9 Depression Criteria Used For Diagnosis

Updated December 5, 2022by BetterHelp Editorial Team

In 2020, experts estimate that 14.8 million adults in the U.S. had at least one major depressive episode that led to notable impairment.

There is a distinct difference between sadness and clinical depression. Depression must be diagnosed and treated by a professional such as a psychologist or psychiatrist.

There are several criteria that are required for the diagnosis of depression. These criteria may be measured either through depression scales or through observation and examination by your doctor. Your doctor may ask you a series of questions about your symptoms and lifestyle to determine if a diagnosis of depression is right for you. The depression criteria are published in the DSM-5, which is the manual used for the diagnosis of mental health conditions by all professionals. Here are the depression criteria that are used for diagnosis and how they are determined.

Are You Or A Loved One Experiencing Depression?

Depression Criteria

The following depression criteria are determined by the DSM-5 and are assessed by a clinical psychologist or psychiatrist. For a diagnosis of depression, at least five of these symptoms must be present for a specified period.

Depressed Mood

Having a depressed mood most of the day nearly every day is one of the primary depression criteria in the DSM-5. A depressed mood is defined as explained or unexplained sadness that negatively impacts your life and your ability to perform day-to-day tasks. A depressed mood can affect your relationships, home life, and career.

Diminished Interest

People who have clinical depression have diminished interest in all or almost all activities of the day. You may have less interest in sex, hobbies, career, school, children, and other aspects of your life. Often people who have less interest in activities or take no pleasure from activities find themselves cut off from others and may spend quite a bit of time alone and stagnant.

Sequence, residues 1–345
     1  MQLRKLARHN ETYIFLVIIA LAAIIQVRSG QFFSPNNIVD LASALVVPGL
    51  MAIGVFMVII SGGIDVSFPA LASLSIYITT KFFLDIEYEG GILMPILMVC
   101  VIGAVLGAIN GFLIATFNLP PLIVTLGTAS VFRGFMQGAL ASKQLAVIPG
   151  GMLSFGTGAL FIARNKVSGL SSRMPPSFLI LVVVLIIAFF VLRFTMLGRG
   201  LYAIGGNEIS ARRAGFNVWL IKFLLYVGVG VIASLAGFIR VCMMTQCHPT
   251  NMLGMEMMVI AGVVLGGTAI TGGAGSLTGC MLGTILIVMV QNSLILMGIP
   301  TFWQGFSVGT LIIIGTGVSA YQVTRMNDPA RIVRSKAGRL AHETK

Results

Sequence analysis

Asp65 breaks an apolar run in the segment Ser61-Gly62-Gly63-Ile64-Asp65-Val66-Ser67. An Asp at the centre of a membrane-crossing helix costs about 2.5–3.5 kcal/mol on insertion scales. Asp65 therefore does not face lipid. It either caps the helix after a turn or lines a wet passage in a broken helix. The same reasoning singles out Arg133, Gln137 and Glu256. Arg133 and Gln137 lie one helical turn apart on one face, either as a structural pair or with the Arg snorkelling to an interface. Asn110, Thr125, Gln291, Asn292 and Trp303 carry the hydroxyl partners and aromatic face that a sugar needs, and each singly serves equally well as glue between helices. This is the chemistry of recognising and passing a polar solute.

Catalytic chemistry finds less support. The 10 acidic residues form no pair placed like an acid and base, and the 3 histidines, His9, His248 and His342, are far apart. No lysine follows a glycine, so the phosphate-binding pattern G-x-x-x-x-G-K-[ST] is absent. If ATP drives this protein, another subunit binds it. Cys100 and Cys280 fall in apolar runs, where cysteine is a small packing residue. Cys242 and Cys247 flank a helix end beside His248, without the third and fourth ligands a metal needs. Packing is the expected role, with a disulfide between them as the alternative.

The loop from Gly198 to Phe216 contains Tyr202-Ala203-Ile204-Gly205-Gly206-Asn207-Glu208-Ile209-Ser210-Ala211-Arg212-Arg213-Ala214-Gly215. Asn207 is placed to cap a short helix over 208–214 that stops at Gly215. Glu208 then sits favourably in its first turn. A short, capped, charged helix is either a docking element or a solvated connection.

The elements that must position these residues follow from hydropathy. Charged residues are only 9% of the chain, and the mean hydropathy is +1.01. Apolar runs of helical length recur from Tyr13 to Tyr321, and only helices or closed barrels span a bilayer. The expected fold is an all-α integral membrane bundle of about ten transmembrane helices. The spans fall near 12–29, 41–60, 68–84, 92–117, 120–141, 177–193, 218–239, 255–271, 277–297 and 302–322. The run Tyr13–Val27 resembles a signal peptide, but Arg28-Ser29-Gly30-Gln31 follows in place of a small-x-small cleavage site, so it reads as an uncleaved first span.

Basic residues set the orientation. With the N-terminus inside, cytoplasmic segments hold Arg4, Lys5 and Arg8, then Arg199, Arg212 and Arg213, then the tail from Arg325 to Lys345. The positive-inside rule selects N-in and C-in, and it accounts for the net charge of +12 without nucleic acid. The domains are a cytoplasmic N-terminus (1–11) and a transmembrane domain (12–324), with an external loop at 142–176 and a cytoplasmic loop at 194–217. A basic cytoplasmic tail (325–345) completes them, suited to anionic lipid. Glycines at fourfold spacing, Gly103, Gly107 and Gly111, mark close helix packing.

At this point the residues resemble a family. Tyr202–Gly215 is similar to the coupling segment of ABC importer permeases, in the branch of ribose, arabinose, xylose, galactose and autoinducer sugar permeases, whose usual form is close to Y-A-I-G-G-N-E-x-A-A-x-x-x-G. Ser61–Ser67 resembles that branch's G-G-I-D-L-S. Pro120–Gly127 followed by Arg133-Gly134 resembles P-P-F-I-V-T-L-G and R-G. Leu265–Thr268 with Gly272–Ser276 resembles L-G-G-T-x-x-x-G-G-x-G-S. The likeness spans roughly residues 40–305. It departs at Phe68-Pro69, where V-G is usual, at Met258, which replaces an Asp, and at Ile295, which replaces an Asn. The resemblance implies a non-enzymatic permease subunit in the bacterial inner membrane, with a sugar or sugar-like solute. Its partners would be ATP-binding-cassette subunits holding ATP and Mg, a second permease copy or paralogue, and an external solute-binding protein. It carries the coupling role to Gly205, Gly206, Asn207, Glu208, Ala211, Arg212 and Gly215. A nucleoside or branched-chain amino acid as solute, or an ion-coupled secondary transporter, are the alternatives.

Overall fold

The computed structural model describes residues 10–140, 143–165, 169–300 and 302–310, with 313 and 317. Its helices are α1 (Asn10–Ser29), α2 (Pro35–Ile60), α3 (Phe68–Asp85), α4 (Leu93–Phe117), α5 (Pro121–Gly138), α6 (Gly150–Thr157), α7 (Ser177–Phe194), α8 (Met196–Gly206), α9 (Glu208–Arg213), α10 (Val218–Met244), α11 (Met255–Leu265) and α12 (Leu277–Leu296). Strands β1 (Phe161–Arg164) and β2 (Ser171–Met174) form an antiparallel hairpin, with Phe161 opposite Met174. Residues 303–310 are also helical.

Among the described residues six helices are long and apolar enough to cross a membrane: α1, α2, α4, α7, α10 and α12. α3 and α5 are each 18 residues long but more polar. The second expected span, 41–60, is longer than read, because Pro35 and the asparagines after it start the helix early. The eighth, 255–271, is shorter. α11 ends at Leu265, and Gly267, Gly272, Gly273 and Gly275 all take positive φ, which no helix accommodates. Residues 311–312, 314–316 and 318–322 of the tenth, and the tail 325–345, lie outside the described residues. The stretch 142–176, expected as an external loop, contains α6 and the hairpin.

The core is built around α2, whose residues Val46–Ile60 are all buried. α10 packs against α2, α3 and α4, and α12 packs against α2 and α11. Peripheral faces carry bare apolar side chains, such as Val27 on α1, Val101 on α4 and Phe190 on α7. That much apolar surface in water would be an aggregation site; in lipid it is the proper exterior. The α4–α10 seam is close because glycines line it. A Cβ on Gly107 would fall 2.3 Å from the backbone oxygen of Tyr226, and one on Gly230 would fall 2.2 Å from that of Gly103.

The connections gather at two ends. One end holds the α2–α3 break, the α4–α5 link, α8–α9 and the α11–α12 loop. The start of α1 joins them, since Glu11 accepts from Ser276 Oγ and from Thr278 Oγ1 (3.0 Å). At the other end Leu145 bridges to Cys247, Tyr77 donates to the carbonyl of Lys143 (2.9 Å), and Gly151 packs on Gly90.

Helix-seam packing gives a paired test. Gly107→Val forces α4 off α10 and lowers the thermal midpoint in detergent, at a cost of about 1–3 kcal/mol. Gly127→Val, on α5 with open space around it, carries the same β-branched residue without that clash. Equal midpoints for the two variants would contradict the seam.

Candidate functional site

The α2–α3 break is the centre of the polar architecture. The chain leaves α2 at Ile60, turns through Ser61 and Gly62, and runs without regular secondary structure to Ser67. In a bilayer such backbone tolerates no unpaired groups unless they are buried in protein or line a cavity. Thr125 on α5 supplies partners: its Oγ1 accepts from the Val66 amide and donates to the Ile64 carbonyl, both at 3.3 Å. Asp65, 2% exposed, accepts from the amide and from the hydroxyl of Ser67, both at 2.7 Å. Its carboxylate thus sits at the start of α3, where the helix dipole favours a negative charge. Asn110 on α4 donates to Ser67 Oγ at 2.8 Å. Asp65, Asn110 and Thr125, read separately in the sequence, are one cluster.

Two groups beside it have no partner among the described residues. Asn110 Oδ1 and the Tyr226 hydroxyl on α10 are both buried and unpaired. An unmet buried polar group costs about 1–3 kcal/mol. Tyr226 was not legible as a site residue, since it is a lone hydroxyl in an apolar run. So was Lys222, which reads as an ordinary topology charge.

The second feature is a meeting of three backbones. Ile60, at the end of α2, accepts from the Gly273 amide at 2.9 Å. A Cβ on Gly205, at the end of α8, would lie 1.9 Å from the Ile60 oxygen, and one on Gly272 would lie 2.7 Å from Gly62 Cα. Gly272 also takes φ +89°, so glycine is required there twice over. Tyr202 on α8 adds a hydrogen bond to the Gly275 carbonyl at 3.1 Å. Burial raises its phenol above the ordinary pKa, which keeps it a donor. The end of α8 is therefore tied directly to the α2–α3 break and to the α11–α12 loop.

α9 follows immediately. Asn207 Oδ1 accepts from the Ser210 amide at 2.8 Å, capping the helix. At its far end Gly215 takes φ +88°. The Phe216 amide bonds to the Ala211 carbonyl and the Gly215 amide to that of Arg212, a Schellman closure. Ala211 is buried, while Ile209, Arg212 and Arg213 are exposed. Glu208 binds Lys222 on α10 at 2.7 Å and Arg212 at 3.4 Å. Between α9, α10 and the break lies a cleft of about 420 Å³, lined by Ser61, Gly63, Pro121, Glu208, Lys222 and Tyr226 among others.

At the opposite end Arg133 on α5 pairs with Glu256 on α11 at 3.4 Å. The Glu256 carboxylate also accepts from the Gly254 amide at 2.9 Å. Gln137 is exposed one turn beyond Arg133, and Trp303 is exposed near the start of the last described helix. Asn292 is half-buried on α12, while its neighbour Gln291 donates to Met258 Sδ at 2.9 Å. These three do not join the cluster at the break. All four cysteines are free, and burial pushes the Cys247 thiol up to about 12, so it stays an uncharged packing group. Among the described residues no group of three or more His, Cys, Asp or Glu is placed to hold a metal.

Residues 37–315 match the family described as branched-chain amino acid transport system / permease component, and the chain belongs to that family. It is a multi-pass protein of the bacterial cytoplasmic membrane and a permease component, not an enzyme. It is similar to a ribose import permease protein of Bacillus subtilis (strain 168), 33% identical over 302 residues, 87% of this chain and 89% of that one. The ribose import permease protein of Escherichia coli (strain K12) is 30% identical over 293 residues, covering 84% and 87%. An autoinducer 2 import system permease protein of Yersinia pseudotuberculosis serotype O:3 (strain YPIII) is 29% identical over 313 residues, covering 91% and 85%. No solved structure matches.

Weight Changes

Depression can cause significant changes in weight. You may experience unexplained weight loss without dieting or changing your exercise routine or activity level. On the other hand, some people eat more when they are depressed, potentially causing significant gains in weight. While weight changes can be a symptom of many mental or physical health problems, when combined with other depression criteria, it can be a clear sign of depression.

Slowing Down

When you are depressed, you may mentally and physically slow down considerably. Your mind may not work as fast as it used to, and you may have difficulty completing cognitive tasks. You may also have feelings of restlessness. However, for this depression criteria to be met, the restlessness and slowing down must be visible to others, not just internal feelings.


Depression can be incredibly tiring. Many people who are clinically depressed sleep excessively. If they are unable to sleep, they tend to feel tired and drag throughout the day. Chronic fatigue and constantly feeling as though you need to sleep can be a clear-cut sign of depression.

Feelings Of Worthlessness And Guilt

One of the depression criteria is feelings of worthlessness and guilt. You may feel as though you cannot do anything right, or that everyone is better off without you around. You may also frequently feel guilty for things that may or may not be within your control. Unexplained or unreasonable feelings of worthlessness and guilt can make depression worse, and it is one sign that depression has reached a severity that may need to be clinically treated.

Inability To Concentrate

Many people who have clinical depression might not be able to concentrate or make decisions. This is likely because the mind obsesses over the feelings and thoughts caused by and surrounding depression. When the mind races with thoughts of worthlessness, guilt, inadequacy, and anxiety, it can make it impossible to concentrate on cognitive tasks. There also may be memory fails.

Are You Or A Loved One Experiencing Depression?

Frequency And Duration

For a diagnosis of depression to be made, at least five of the above eight depression criteria must be present every day or most days for a period of at least two weeks or more. Most people who are diagnosed with depression have experienced these depression criteria for much longer than two weeks, especially if they have waited to seek treatment.

Associated Features

The DSM-5 also allows for associated features of depression. Although these are not necessarily criteria, these features are frequently found in the process of diagnosis of depression. The first of these is a high mortality rate. Patients who are diagnosed with or undergoing treatment for depression must be watched carefully by professionals, caregivers, spouses, and parents for warning signs of suicide.

If you or a loved one are experiencing suicidal thoughts, reach out for help immediately. The National Suicide Prevention Lifeline can be reached at 988, and is available 24/7.